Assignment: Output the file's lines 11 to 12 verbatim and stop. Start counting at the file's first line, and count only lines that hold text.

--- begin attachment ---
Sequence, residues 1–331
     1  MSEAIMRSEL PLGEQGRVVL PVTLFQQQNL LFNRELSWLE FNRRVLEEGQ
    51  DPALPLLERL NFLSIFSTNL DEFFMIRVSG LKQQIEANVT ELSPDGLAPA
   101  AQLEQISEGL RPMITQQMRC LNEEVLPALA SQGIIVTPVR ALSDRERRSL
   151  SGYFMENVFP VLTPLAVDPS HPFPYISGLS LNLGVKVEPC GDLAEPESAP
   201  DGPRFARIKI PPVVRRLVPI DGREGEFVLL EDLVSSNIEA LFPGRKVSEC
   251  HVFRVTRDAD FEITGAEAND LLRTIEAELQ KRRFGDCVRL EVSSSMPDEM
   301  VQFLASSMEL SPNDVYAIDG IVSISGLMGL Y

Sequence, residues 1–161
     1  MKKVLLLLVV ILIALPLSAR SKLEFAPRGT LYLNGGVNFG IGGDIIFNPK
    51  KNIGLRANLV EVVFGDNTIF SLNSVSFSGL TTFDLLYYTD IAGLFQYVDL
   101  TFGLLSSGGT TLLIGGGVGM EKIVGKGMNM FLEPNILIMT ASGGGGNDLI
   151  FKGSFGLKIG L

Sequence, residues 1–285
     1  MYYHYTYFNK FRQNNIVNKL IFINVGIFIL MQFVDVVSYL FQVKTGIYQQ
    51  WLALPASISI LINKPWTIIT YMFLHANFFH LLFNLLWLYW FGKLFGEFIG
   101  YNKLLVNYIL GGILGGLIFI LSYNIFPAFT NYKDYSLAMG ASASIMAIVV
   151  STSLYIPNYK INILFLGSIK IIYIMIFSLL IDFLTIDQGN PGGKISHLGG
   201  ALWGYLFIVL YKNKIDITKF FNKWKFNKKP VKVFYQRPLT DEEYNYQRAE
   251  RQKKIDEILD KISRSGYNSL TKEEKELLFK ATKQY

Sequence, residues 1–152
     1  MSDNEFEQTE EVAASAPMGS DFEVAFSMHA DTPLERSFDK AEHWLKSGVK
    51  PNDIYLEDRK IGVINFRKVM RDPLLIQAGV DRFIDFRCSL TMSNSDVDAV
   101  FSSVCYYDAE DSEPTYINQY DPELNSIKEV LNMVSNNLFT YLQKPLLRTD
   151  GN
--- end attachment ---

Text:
    51  KNIGLRANLV EVVFGDNTIF SLNSVSFSGL TTFDLLYYTD IAGLFQYVDL
   101  TFGLLSSGGT TLLIGGGVGM EKIVGKGMNM FLEPNILIMT ASGGGGNDLI